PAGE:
18. Exploiting Measurement Uncertainty Estimation in Evaluation of GOES-R ABI Image Navigation Accuracy Using Image Registration Techniques

    Science.gov (United States)

    Haas, Evan; DeLuccia, Frank

    2016-01-01

    In evaluating GOES-R Advanced Baseline Imager (ABI) image navigation quality, upsampled sub-images of ABI images are translated against downsampled Landsat 8 images of localized, high contrast earth scenes to determine the translations in the East-West and North-South directions that provide maximum correlation. The native Landsat resolution is much finer than that of ABI, and Landsat navigation accuracy is much better than ABI required navigation accuracy and expected performance. Therefore, Landsat images are considered to provide ground truth for comparison with ABI images, and the translations of ABI sub-images that produce maximum correlation with Landsat localized images are interpreted as ABI navigation errors. The measured local navigation errors from registration of numerous sub-images with the Landsat images are averaged to provide a statistically reliable measurement of the overall navigation error of the ABI image. The dispersion of the local navigation errors is also of great interest, since ABI navigation requirements are specified as bounds on the 99.73rd percentile of the magnitudes of per pixel navigation errors. However, the measurement uncertainty inherent in the use of image registration techniques tends to broaden the dispersion in measured local navigation errors, masking the true navigation performance of the ABI system. We have devised a novel and simple method for estimating the magnitude of the measurement uncertainty in registration error for any pair of images of the same earth scene. We use these measurement uncertainty estimates to filter out the higher quality measurements of local navigation error for inclusion in statistics. In so doing, we substantially reduce the dispersion in measured local navigation errors, thereby better approximating the true navigation performance of the ABI system.

  19. Subsurface and through-wall SAR imaging techniques for ground penetrating radar

    Directory of Open Access Journals (Sweden)

    Unal M.

    2013-12-01

    Full Text Available This paper presents some useful signal processing and synthetic aperture radar imaging techniques for ultra-wide band (UWB ground penetrating radar. Novel UWB antenna structures are experimentally designed in this work. Raw and processed data collected in the course of experimental studies of subsurface sensing and through-wall imaging scenarios are demonstrated in B-scan and C-scan target images.

  20. Metal Artifact Suppression in Dental Cone Beam Computed Tomography Images Using Image Processing Techniques.

    Science.gov (United States)

    Johari, Masoumeh; Abdollahzadeh, Milad; Esmaeili, Farzad; Sakhamanesh, Vahideh

    2018-01-01

    Dental cone beam computed tomography (CBCT) images suffer from severe metal artifacts. These artifacts degrade the quality of acquired image and in some cases make it unsuitable to use. Streaking artifacts and cavities around teeth are the main reason of degradation. In this article, we have proposed a new artifact reduction algorithm which has three parallel components. The first component extracts teeth based on the modeling of image histogram with a Gaussian mixture model. Striking artifact reduction component reduces artifacts using converting image into the polar domain and applying morphological filtering. The third component fills cavities through a simple but effective morphological filtering operation. Finally, results of these three components are combined into a fusion step to create a visually good image which is more compatible to human visual system. Results show that the proposed algorithm reduces artifacts of dental CBCT images and produces clean images.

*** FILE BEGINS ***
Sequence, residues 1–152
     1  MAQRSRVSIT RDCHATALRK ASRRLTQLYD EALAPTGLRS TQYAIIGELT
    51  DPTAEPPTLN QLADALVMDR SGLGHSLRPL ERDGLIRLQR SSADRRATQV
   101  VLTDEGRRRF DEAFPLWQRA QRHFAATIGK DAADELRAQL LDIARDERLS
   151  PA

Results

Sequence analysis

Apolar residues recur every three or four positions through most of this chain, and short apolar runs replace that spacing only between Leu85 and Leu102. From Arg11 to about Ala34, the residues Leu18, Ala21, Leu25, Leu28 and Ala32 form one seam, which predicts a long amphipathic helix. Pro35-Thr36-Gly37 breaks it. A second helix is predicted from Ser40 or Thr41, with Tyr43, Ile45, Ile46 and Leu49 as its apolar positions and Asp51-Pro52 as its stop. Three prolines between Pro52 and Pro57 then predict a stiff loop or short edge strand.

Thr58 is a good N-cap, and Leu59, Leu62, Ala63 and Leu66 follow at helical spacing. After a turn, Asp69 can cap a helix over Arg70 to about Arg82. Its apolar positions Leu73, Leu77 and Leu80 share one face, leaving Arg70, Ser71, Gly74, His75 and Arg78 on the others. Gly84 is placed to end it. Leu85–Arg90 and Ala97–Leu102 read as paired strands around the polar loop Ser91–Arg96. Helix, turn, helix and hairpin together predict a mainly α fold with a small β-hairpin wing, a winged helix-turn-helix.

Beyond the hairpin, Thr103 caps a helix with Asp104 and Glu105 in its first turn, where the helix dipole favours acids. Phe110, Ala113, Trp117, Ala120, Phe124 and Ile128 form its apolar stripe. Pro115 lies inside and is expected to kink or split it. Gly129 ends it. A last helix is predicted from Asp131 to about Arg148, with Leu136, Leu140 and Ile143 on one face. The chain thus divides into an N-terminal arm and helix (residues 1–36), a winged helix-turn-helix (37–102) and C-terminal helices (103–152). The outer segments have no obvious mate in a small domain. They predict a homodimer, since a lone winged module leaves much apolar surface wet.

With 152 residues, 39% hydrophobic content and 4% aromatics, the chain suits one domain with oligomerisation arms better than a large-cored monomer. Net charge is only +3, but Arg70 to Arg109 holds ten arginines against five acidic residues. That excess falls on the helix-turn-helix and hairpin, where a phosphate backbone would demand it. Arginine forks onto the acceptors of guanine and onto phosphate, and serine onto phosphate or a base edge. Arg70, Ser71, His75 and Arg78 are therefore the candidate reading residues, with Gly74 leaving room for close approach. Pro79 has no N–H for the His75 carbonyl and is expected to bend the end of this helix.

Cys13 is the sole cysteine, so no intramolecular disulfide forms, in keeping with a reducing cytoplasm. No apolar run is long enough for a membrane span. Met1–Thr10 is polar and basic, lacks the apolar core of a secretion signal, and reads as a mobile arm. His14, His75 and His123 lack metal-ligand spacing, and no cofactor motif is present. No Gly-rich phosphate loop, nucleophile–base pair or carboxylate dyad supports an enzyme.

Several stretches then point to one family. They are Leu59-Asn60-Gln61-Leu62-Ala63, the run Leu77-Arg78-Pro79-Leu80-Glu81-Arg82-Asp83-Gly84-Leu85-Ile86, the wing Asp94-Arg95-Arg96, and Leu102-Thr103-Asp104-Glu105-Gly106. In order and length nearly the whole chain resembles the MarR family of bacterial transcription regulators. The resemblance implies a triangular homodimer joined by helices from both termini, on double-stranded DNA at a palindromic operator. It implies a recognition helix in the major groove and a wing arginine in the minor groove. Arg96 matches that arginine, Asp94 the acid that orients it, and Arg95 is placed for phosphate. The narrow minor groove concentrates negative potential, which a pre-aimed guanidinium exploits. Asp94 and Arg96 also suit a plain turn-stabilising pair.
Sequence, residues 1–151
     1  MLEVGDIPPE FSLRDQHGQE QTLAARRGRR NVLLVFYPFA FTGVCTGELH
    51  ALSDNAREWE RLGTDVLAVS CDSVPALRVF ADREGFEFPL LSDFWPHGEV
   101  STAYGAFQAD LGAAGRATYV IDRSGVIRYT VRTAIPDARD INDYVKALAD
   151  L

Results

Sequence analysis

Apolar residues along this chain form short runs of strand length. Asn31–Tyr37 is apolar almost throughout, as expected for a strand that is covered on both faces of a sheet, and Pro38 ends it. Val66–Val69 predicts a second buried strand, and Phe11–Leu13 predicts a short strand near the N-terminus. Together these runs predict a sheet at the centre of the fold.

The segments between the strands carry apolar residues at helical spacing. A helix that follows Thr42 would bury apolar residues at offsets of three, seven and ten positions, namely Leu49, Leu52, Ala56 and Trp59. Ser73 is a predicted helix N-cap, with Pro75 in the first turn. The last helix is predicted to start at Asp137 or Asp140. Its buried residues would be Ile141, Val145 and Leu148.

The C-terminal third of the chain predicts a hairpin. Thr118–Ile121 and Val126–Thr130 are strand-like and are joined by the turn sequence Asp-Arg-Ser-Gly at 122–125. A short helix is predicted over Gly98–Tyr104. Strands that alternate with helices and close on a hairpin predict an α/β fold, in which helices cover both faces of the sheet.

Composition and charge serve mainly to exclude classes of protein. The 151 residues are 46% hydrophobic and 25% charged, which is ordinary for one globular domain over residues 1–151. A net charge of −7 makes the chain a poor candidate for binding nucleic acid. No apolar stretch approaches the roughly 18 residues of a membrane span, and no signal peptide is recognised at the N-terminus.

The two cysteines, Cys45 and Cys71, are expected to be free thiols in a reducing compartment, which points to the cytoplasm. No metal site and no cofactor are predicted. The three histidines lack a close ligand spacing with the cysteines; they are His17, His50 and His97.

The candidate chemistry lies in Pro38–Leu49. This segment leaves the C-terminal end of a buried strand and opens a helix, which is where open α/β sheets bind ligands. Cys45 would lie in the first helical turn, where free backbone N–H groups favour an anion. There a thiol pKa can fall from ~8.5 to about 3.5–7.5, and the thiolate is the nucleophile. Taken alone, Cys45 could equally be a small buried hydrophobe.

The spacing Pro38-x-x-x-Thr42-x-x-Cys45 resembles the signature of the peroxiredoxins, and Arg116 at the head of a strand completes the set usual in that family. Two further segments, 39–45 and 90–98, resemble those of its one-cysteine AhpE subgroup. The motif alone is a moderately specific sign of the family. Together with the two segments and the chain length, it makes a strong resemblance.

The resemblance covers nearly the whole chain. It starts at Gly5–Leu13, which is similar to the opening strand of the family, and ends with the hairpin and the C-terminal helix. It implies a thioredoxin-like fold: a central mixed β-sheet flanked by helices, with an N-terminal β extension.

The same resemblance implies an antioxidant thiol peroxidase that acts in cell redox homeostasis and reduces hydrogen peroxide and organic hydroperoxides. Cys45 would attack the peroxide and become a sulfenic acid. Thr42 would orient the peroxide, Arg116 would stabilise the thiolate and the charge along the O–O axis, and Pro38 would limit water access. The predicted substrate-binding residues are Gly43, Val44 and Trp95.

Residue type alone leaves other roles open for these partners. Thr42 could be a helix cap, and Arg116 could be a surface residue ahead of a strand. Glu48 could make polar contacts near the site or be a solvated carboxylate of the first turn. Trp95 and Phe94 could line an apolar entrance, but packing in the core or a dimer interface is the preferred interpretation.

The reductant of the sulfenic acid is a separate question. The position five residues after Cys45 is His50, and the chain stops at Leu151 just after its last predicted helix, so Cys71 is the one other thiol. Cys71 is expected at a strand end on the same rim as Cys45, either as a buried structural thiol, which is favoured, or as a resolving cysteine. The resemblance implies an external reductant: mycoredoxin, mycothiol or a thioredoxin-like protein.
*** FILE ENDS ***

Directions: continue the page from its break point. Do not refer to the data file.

1. Image quality assessment of single-shot turbo spin echo diffusion-weighted imaging with parallel imaging technique: a phantom study.

    Science.gov (United States)

    Yoshida, Tsukasa; Urikura, Atsushi; Shirata, Kensei; Nakaya, Yoshihiro; Terashima, Shingo; Hosokawa, Yoichiro

    2016-09-01

    This study aimed to evaluate the image quality and apparent diffusion coefficient (ADC) values of single-shot turbo spin echo (TSE) diffusion-weighted (DW) images obtained using a parallel imaging (PI) technique. All measurements were performed on a 3.0-T whole-body MRI system and 32-channel phased-array coil. Signal-to-noise ratio (SNR) and ADC values were measured with a DW imaging (DWI) phantom comprising granulated sugar and agar. The SNRs were calculated using a subtraction method and compared among TSE-DW images at acceleration factors (AFs) of 1-4. Image blur was visually assessed on TSE-DW images of a pin phantom at AFs of 1-4. The ADC values were calculated using DW images with b = 0 and 1000 s mm(-2). The ADC values of TSE-DW images and echo-planar imaging EPI-DW images were compared. The SNRs decreased as AFs increased, despite selecting the shortest echo time. A lower AF caused increased image blur in the phase-encoding direction. The ADC values of TSE-DWI tended to be lower than those of EPI-DWI, and AFs of 3 and 4 yielded variable ADC values on TSE-DW images. TSE-DWI with an AF of 3 or 4 yielded reduced SNRs; in addition, the image noise and artefacts associated with PI technique may have affected ADC measurements, despite improving image blur in the phase-encoding direction. Optimizing the imaging parameters of TSE-DWI is useful for providing good image quality and accurate ADC measurements.